- There were giants in the earth–also in our own days. And one more has fallen, Timothy Lull. Tim was an internationally renowned and much published Luther scholar and president of Pacific Lutheran Theological Seminary (Berkeley, California) when he died last month at only 60 years of age. We pass on to you Richard Koenig’s sermon from the memorial service for Tim held two weeks ago in the New England Synod of the ELCA.Richard E. Koenig is an ELCA pastor (ret.), living in Massachusetts. Koenig was campus pastor when Lull was a student at Williams College, Williamstown, Mass, and later his colleague in the ministry of the New England Synod of the ELCA beginning in 1972. Following Lull’s departure from New England, the two continued collaborating on various theological projects. The last such joint venture was Lull’s convocation lectures on Luther for the New England Synod in the fall of 2002. For those wishing to respond Koenig’s e-address is RKo4551788@cs.com
Peace & Joy!
The ThTh Desk
Timothy Frank Lull
John 21: 15-19
(Sermon preached at Grace Lutheran Church, Needham, Mass., June 11, 2003)
Let the words of my mouth and the meditation of my heart be acceptable in your sight, O Lord, my Strength and my Redeemer.
Grace be to you and peace from God our Father and our Lord and Savior Jesus Christ.
Dear sisters and brothers in Christ, especially you, Mary Carlton, Tim’s beloved life partner and other members of Tim’s immediate family.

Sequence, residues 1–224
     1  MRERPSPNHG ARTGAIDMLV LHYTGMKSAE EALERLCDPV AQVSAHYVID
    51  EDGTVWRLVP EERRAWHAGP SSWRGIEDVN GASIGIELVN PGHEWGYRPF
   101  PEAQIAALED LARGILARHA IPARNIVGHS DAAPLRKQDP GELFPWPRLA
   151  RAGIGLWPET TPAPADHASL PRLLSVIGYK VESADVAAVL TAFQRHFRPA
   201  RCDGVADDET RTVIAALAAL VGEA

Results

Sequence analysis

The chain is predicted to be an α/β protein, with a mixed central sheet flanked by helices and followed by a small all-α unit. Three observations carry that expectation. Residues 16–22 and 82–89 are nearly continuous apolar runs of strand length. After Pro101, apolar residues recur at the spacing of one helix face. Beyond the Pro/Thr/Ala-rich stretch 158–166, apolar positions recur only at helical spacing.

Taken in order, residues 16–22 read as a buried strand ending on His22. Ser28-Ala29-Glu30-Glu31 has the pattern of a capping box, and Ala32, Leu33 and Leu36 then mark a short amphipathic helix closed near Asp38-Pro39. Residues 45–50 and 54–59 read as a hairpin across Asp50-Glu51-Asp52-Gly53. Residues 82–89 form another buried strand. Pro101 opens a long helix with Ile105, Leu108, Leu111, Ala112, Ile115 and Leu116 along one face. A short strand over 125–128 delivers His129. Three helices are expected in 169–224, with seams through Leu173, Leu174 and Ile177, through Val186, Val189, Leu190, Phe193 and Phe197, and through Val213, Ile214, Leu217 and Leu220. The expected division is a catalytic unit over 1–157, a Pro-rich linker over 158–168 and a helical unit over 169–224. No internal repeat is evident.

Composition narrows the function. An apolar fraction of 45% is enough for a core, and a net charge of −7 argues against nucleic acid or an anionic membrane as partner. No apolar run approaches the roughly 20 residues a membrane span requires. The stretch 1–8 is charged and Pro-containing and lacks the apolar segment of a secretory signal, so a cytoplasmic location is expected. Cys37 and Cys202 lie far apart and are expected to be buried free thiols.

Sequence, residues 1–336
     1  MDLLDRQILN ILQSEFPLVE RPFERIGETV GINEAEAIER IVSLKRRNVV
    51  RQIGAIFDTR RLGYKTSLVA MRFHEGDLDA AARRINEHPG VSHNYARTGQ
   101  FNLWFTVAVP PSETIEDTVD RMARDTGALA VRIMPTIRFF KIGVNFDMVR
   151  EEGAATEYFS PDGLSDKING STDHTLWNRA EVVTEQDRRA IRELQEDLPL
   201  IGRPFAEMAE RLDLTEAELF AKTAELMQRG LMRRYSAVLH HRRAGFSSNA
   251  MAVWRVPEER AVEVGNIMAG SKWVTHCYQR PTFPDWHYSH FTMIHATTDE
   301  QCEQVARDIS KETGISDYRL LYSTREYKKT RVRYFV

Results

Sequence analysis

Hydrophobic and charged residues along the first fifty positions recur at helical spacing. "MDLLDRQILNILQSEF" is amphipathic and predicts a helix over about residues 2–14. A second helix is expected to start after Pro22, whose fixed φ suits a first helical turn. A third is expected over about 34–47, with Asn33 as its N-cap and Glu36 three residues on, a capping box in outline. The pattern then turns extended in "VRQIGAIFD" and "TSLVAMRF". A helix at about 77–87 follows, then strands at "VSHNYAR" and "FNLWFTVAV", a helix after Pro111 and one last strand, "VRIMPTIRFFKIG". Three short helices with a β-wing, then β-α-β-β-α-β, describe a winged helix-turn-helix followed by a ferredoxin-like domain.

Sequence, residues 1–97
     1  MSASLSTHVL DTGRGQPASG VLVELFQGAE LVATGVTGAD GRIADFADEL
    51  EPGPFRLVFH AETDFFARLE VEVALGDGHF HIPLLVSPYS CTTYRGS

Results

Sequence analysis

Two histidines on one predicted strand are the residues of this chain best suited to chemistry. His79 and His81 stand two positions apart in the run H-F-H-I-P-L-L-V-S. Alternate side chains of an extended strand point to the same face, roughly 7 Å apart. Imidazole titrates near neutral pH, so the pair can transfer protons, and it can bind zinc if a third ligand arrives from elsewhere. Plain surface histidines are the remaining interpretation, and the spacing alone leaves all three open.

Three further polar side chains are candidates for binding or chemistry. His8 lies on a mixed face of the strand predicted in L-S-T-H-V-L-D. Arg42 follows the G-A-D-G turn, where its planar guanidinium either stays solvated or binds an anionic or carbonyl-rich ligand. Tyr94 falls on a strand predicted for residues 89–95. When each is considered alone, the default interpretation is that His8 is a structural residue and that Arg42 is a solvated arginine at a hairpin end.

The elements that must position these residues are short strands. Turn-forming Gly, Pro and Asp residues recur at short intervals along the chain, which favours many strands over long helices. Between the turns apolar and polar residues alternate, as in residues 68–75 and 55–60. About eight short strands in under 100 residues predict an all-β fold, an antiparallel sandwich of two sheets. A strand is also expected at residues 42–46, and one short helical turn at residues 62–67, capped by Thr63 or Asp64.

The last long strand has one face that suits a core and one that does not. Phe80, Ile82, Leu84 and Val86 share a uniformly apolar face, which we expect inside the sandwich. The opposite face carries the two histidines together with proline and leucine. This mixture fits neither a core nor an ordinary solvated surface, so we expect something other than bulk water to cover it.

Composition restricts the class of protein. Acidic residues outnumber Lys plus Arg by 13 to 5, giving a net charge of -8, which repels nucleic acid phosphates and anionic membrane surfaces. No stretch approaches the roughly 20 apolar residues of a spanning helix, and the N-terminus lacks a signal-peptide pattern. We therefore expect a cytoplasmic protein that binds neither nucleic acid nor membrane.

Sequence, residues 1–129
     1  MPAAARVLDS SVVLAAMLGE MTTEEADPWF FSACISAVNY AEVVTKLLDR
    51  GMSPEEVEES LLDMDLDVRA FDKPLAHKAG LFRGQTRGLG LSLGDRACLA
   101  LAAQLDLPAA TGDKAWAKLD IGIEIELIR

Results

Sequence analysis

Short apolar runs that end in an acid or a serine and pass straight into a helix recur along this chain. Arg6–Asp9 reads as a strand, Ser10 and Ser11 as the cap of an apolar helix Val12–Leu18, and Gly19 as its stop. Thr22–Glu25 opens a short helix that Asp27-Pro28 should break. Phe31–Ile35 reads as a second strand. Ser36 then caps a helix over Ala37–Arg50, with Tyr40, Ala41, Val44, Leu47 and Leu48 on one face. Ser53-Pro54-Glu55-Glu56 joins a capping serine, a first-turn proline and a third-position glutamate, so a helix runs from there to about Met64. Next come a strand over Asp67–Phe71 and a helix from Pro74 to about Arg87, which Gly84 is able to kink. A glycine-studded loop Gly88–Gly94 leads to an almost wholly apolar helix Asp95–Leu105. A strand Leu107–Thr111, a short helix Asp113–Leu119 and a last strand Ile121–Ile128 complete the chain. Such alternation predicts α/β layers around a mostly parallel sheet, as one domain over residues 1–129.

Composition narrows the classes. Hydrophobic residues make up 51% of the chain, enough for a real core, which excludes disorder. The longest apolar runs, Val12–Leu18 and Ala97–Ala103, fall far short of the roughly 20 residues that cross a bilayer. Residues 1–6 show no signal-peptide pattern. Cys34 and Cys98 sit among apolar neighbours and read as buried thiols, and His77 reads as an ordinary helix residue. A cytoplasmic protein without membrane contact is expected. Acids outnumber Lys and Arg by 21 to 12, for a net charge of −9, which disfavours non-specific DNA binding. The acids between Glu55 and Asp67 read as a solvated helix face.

The Word of God on which this sermon in memory of our dear brother, pastor, friend, teacher Timothy Lull is based is the Gospel chosen for this day, the final words of the Risen Christ as recorded in John’s Gospel.
- We are gathered here this morning to remember Timothy Frank Lull and give thanks to God for “giving us him to know and to love as a companion in our pilgrimage on earth,” as is said in the Burial Service. And difficult that is. He was such an amazing person, so full of life, of deep faith, dazzling scholarship, profound insights, delightful humor, incredible energy, infectious enthusiasm and unquenchable hope, whose compassion ran as far as his interests. Encounters with Tim were always interesting. You never knew what he would come up with or what new project he was undertaking. In all my life I have never known anyone whose instructions for his funeral service would begin with a request that at the collation afterwards only a quality brand of coffee be served. But that was Tim. He was one theologian who was fun to be with.When Christopher Lull called me with the news late the night Tim died I, like all of you, was stunned. I couldn’t believe. I still find it difficult to grasp. His departure has left us all feeling empty. He was to preach my funeral sermon, not I his. Nevertheless, “dennoch,” as Tim’s teacher and conversation partner Martin Luther would say, we give thanks. In the mystery of God’s leading it was on June 11, 1972, in this very church that Tim was ordained into the Holy Ministry of Word and Sacrament of the Lutheran Church in America. He lists his vocation as one of the special gifts he thanks God for in the remarkable personal confession of faith he left us. It is that vocation and the way Timothy carried it out that I would lift up today as the ground for our thanksgiving as well as a source of renewal and strength for all Christians and fellow ministers of the Gospel with Tim.